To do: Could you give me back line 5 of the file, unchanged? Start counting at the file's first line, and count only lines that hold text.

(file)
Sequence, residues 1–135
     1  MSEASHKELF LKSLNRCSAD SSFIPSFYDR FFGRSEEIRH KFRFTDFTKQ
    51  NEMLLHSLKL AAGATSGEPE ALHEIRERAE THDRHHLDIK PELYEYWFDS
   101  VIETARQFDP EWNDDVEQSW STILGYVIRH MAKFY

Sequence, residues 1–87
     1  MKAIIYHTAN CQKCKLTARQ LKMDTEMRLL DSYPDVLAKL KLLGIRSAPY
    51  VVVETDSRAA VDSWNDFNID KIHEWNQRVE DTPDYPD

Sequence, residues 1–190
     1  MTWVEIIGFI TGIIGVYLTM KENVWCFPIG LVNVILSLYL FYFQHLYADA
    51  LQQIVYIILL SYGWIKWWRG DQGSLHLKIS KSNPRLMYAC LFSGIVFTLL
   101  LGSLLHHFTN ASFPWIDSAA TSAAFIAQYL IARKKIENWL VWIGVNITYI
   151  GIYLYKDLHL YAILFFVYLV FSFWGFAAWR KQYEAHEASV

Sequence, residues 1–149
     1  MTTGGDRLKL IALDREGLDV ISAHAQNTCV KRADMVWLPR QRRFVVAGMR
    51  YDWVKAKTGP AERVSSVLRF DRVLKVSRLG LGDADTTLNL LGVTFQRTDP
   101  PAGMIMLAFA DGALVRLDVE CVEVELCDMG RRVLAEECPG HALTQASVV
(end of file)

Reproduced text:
Sequence, residues 1–87